That's right friends, my "favorite pack ever" already got an upgrade.
Less than 6 months ago I wrote a review of the Epic XT 2.0 from UltrAspire, and how it instantly became my go-to pack for longer (12 hour and up) adventure races. I was stoked to see that an update to the pack was being released in February of 2023, and got my name on the list to be among the first shipment.
Even better, I received my new Epic XT 3.0 just in time to race with it for the 2023 Sea to Sea Expedition Race.
So while I haven't necessarily had the pack for a long time, I have became intimately familiar with the Epic XT 3.0 over the course of 72 hours of racing across the state of Florida, via foot, mountain bike, and canoe.
You'll notice this by the fact that the pack is absolutely filthy and still covered in sugar sand in the pictures to follow.
Now, the Epic XT 3.0 didn't just get a few upgrades from the previous version, but rather, seemingly received an entire overhaul. In this review I'm going to highlight the upgrades - and note some of the things I wish hadn't changed.
UltrAspire Epic XT 3.0 Hydration Pack Specs
First, let's cover the general specifications of the new Epic XT 3.0 hydration pack for those who may be looking for a general review, and not necessarily a comparison to the previous model.
UltrAspire markets the Epic XT 3.0 as a "backpack that’s prepared for any adventure", ideal for long or multi-day self supported endeavors. I personally use my Epic XT for adventure racing, which involves anything from running, to hiking, to mountain biking, kayaking, canoeing, to bushwhacking, to napping in the forest...you name it.
The longer the race, the more mandatory gear that you have to carry, and the more food and water you need to have on you at any given time, making a pack larger than a standard hydration vest necessary.
How Big Is The Epic XT 3.0?
The Epic XT 3.0 is a 35 liter hydration backpack. Again, this is not a typical hydration vest, but rather something you'd want to use for longer or unsupported adventures.
UltrAspire lists the Epic XT 3.0 pack weights as follows:
- with Frame = 2lb (32oz, 907g)
- without frame = 1lb 11oz (27oz, 765g)
- with frame = 2lb 2oz ( 34oz, 964g)
- without frame = 1lb 13oz (29oz, 822g)
For comparison purposes, the Epic XT 2.0 weights were listed as:
- with frame = 33 oz (935 g)
- without frame = 26 oz (737 g)
The removable "frame" that comes with the Epic XT 3.0 is high density piece of EVA foam.
While I personally chose to remove the frame for racing, I have used the frame multiple times while "rucking" (aka, hiking on my treadmill at a 12% climb with 2 bricks duct-taped together and shoved in the bag) more than once. Despite it's rudimentary shape, it actually provided a lot of comfort and stability to the pack.
The Epic XT 3.0 is reservoir compatible, and will hold up to a 3.0 L bladder. It also has an insulated bladder compartment, a hook to hold up the bladder, and a tube port (aka, purposeful hole) near the neck to feed the hydration straw through.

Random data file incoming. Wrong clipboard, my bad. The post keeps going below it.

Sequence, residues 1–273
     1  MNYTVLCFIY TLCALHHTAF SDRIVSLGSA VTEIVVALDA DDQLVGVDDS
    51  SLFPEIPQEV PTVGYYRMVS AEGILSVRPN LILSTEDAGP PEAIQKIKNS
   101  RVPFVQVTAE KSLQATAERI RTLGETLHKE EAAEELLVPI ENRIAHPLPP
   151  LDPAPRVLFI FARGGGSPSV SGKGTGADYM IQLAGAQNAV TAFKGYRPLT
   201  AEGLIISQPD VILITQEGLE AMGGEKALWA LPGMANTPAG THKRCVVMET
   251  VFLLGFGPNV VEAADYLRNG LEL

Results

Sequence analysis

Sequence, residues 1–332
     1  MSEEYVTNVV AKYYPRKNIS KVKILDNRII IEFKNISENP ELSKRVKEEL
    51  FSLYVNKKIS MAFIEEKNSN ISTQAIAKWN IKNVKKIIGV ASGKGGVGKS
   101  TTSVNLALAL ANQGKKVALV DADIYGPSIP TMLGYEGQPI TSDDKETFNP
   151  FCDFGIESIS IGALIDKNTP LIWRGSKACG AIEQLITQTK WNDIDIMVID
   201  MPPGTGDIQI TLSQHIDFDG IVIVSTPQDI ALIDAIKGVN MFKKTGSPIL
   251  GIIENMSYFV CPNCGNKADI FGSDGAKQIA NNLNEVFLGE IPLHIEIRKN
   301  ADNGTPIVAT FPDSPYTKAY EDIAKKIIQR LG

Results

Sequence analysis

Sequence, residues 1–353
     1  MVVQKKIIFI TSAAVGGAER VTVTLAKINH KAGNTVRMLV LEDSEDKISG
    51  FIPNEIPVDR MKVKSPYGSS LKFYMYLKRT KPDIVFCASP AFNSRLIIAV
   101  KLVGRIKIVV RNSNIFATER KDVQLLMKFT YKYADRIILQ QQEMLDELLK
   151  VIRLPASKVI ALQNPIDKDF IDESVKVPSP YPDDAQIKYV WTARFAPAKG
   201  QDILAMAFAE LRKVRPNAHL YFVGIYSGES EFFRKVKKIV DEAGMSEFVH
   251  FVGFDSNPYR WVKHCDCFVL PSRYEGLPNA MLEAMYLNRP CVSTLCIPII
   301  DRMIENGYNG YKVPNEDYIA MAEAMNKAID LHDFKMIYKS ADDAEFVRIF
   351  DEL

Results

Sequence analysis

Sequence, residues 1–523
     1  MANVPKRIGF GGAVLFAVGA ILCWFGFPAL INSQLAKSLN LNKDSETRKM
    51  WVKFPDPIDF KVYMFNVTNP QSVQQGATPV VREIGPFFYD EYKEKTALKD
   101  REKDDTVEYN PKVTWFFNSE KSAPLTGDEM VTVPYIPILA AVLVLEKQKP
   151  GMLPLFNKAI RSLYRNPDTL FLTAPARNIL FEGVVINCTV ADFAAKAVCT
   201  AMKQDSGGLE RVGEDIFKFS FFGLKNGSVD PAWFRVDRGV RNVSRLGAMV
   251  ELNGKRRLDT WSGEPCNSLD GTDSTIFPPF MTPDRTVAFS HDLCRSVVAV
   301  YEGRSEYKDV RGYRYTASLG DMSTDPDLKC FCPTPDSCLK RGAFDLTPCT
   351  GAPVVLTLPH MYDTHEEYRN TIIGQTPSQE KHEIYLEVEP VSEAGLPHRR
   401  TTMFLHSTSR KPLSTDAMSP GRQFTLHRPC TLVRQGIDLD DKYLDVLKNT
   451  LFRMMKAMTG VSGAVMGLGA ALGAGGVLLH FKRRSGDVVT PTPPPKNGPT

Personally I am using UltrAspire's 2 liter reservoir, and have had zero issues or complaints with this setup.
Just like the 2.0, the UltrAspire Epic XT 3.0 is made with an incredibly durable fabric known as "XT Fabric", which UltrAspire claims is stronger than steel ripstop fibers. The white lines you see in the pack are not just for looks, but are a polyethylene fiber that helps with durability.
I have drug both of these packs through endless miles of trails, fields, and forests with briars, thorns, and other plants that absolutely tore up my skin - but did not tear up my bags.
The inner portion of the pack (the part that touches your back and shoulders) features sweat proof webbing and XT Mesh, which is a polyester and nylon combo designed to pull moisture from the body and help it evaporate.
It was 90 degrees in February in Florida for Sea to Sea, so I can confirm - the fabric did not feel suffocating or hot.
Changes and Upgrades to the UltrAspire Epic XT 3.0 vs. the 2.0:
Let's dive into the changes and upgrades in the latest version of the UltrAspire Epic XT.
But first...I want to take a moment to put in a disclaimer: I do have (and will share below) a number of complaints about this pack. However, I fully recognize that these complaints are from the adventure racing perspective, which I will be the first to admit is super niche and incredibly nuanced with its demands.
Many of the features that I found to be less than ideal for *my* particular use, aren't the fault of the pack itself. I hope to make that clear in the points below.
No More Universal Fit:
The fit of the Epic XT 3.0 is unisex, as was the 2.0. But while the previous version was only available in a "one size fits most" option, the Epic XT 3.0 has two sizing options:
- Small/Medium: fits waist 27″-42″, torso 16″-19″
- Medium/Large: fits waist 27″-42″, torso 19″-21″
Personally I went with the small/medium size for the 3.0, and it fits me much better than the 2.0. In fact, I will go ahead and say that this is by far the best upgrade to the Epic XT 3.0 in my opinion.
My only complaint about the 2.0 version was that even at it's smallest, tightest fit, the pack was just a little too large in the shoulders. While not a problem initially, the pack would became uncomfortable after a few hours on the trail. It was not uncommon to see me holding the pack up by the shoulder straps during long treks in order to pull some of the tension off of my upper back.
Other changes to the overall fit include:
- Ergo-fit harness system, follows the shape of the back to fit tighter and more naturally against your body.
- The 3.0 has been raised about 2 inches higher off of the lower back and where it connects with the hip belt, to allow for a more natural movement while running.
- Added Max O2 Form™ sternum strap system, which is composed of stretchy shock cord for unrestricted breathing while maintaining a stable pack. You can also adjust where the clips attach, based on your comfort and needs.